Is Lumbar Disc Replacement a Valuable Treatment for Degenerative Disc Disease?

31st Annual Meeting of the North American Spine Society Highlight

In 2004, the U.S. Food and Drug Administration approved total disc replacement (TDR) as a treatment for lumbar degenerative disc disease (L-DDD). But how valuable is TDR compared to more established or traditional procedures? During the 31st Annual Meeting of the North American Spine Society in Boston, Richard D. Guyer, MD, presented findings on costs and outcomes of total disc replacement (TDR) for lumbar DDD compared to spinal fusion.
Benefit versus cost on a scale“This [TDR] is certainly the trend in restoring motion and restoring normal sagittal alignment, which a disc replacement can do and a fusion cannot in all positions,” said Dr. Guyer, who is the co-founder of Texas Back Institute and co-director of the Center for Disc Replacement.

Dr. Guyer noted that medical advances almost always result in increased cost to the patient, provider, and payer (insurer). This is particularly the case when new devices, such as artificial discs, are introduced into the market.

The Challenge: Finding Clear Cut Cost Data
Collecting true, inclusive economic data for all parties impacted was the challenge of this study, Dr. Guyer said.

“If you think that MACRA [Medicare Access and CHIP Reauthorization Act] and all these other new regulations being put on us are hard to understand, it's even more difficult when you try to get to the bottom and determine a cost of what an individual operation would be,” Dr. Guyer said. “It's hard to get the cost to the patient, the cost to the employer, and the cost to society.”

In comparing costs of TDR and fusion, Dr. Guyer noted two items not addressed but important in the cost analyses:

  1. Return to work time and lost productivity costs
  2. Variation in results based on the outcome measures and the comparative treatments used

Despite these gaps, Dr. Guyer presented several studies investigating the cost of TDR.

2007 Study Comparing Disc Replacement to Fusions
In a 2007 study titled, An economic model of one-level lumbar arthroplasty versus fusion, co-authored by Dr. Guyer, the CHARITÉ artificial disc replacement device (no longer on the market) was compared to a standalone anterior lumbar interbody fusion (ALIF) with iliac crest bone graft, ALIF with INFUSE®, and instrumented posterior lumbar interbody fusion (PLIF). Dr. Guyer and his co-authors reviewed both the hospital cost and payer cost perspectives.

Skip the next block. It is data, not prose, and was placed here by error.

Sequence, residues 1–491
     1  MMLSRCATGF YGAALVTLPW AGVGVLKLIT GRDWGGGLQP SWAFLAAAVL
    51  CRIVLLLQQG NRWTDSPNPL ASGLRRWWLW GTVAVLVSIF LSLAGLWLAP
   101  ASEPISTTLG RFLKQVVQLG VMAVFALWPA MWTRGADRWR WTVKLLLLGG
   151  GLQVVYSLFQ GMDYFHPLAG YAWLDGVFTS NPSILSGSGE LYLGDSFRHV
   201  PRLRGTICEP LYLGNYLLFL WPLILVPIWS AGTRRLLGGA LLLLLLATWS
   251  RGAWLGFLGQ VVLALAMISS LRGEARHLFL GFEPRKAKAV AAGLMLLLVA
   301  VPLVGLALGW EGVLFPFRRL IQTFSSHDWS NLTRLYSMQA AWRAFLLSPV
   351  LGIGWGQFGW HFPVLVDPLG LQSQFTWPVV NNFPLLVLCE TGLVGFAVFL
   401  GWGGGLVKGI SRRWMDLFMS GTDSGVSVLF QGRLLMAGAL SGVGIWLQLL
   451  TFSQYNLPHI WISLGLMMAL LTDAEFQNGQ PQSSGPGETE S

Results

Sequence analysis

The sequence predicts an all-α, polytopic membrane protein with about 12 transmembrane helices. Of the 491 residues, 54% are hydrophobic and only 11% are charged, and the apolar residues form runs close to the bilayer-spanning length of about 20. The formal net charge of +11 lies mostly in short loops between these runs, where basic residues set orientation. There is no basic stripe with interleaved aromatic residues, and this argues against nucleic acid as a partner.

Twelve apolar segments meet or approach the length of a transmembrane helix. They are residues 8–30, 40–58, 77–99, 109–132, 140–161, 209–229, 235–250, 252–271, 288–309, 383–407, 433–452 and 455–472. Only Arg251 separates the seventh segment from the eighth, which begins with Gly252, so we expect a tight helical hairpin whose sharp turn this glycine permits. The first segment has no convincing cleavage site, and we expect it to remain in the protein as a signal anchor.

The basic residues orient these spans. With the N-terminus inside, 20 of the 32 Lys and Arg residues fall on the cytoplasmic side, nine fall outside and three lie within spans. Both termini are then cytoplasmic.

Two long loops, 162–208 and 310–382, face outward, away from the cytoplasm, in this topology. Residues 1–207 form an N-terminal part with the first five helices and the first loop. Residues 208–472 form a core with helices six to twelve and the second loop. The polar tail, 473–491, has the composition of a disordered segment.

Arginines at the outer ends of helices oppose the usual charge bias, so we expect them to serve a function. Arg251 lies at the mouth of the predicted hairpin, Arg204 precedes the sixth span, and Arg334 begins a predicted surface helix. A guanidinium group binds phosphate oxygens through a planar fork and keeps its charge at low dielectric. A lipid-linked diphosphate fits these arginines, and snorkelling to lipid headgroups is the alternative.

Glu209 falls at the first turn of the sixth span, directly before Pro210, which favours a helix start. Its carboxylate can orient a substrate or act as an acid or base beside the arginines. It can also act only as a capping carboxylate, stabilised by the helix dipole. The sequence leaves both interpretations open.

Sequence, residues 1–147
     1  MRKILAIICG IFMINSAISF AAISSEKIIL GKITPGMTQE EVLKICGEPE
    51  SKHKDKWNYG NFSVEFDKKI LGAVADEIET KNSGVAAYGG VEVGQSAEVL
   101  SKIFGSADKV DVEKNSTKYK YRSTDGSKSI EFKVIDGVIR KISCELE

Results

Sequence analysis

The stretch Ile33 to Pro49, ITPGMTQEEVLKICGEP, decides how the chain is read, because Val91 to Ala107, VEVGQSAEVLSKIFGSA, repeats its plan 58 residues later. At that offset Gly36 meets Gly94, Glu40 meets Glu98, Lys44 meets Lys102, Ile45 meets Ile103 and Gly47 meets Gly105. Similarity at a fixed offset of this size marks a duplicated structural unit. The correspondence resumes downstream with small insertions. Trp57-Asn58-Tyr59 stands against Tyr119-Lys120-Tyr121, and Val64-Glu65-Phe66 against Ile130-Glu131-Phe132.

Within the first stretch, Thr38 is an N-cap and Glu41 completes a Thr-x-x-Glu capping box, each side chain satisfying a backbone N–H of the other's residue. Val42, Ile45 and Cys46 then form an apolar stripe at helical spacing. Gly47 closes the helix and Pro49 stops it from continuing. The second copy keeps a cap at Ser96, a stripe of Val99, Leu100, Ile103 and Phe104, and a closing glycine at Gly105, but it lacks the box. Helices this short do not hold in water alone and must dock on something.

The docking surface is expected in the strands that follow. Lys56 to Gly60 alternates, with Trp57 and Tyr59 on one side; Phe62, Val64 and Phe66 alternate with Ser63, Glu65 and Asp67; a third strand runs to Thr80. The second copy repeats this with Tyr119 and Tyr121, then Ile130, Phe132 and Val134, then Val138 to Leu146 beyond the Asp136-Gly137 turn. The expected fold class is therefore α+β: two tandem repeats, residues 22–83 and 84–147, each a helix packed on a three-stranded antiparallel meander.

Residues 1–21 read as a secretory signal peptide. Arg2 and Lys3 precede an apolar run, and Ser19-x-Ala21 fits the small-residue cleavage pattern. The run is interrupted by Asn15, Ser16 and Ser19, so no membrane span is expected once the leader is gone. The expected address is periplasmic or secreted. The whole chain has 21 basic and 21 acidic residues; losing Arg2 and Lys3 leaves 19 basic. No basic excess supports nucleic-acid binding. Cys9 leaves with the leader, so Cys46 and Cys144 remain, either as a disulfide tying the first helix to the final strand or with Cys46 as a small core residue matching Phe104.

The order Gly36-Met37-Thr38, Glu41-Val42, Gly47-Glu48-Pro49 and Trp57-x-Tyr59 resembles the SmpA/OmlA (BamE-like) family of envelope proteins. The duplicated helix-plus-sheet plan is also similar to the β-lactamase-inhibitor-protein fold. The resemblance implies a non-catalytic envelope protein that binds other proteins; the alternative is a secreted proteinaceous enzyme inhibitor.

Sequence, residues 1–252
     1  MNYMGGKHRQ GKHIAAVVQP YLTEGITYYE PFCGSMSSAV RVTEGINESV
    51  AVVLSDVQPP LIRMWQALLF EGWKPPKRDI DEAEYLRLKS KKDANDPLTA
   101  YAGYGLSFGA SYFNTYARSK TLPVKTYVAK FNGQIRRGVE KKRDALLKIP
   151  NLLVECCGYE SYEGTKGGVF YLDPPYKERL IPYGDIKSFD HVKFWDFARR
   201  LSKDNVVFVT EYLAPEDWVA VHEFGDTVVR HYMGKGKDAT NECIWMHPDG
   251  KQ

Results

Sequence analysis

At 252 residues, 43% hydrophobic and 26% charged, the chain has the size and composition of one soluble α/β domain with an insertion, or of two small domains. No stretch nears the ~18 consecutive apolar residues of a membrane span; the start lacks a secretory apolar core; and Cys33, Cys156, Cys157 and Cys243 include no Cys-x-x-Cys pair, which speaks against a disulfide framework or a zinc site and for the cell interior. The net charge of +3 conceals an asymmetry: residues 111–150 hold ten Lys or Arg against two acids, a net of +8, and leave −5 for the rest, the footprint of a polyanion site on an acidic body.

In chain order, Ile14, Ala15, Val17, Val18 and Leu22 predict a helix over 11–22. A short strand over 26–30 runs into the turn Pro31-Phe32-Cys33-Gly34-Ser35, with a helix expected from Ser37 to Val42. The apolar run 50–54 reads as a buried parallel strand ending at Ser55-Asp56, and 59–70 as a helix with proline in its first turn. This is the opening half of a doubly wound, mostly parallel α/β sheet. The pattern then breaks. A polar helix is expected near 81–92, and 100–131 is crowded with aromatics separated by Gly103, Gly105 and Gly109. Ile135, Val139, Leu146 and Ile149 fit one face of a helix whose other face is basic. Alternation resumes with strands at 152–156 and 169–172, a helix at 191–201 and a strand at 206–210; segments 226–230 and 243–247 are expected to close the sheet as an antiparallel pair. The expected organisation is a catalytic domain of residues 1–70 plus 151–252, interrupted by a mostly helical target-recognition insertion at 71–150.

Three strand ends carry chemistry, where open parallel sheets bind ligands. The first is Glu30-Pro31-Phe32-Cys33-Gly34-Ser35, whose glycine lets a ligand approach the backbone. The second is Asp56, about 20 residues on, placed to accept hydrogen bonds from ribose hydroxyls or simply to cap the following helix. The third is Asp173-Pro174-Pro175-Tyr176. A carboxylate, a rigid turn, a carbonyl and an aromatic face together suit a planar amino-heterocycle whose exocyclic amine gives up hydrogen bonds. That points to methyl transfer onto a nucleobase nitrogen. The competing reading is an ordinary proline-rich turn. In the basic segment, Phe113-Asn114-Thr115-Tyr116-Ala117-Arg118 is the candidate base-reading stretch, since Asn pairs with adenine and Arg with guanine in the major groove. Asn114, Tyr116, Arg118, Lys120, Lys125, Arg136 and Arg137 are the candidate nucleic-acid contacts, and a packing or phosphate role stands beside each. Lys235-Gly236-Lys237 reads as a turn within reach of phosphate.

“For an economic model, we had to do a reasonable estimate of the treatment, and compare it to the current standard of care,” Dr. Guyer said. The economic model assessed costs—not charges—to the hospital and payer. And a reasonable estimate was based on available data and assumptions made when the data didn’t exist.

While obtaining the cost data for hospitals was difficult, the researchers were able to get clearer information on the payer side. “From the payer's perspective, it's actually a little easier because they know exactly what they pay out,” Dr. Guyer said.

Additional differences between hospital and payer perspectives regarded clinical outcomes. The clinical outcomes the hospital focused on included adverse events and complications, while the payer focused on absence of complications requiring any additional surgery.

  • Total Disc Replacement Value: Hospital Perspective

Through the data review, Dr. Guyer and his co-authors found disc replacement with the CHARITÉ device slightly more expensive to the hospital than an ALIF with iliac crest bone graft.

“Now, don't go away from here saying, ‘Oh, [TDR] is more expensive,’” Dr. Guyer said. “I don't know anybody today who will do an iliac crest bone graft for an anterior interbody fusion.”

Disc replacement was found to be cheaper than ALIF with INFUSE and an instrumented posterior fusion.

  • Total Disc Replacement Value: Payer Perspective

From a payer perspective, disc replacement was nearly equal in cost to the ALIF with bone graft, and it was less expensive than using the INFUSE or instrumented PLIF.

“We concluded that TDR was less expensive, and there may have been greater differences if we had the anterior/posterior data available at the time,” Dr. Guyer said.

Reviewing Other TDR Cost Studies
Dr. Guyer reviewed additional studies comparing costs of TDR and fusion for the treatment of DDD.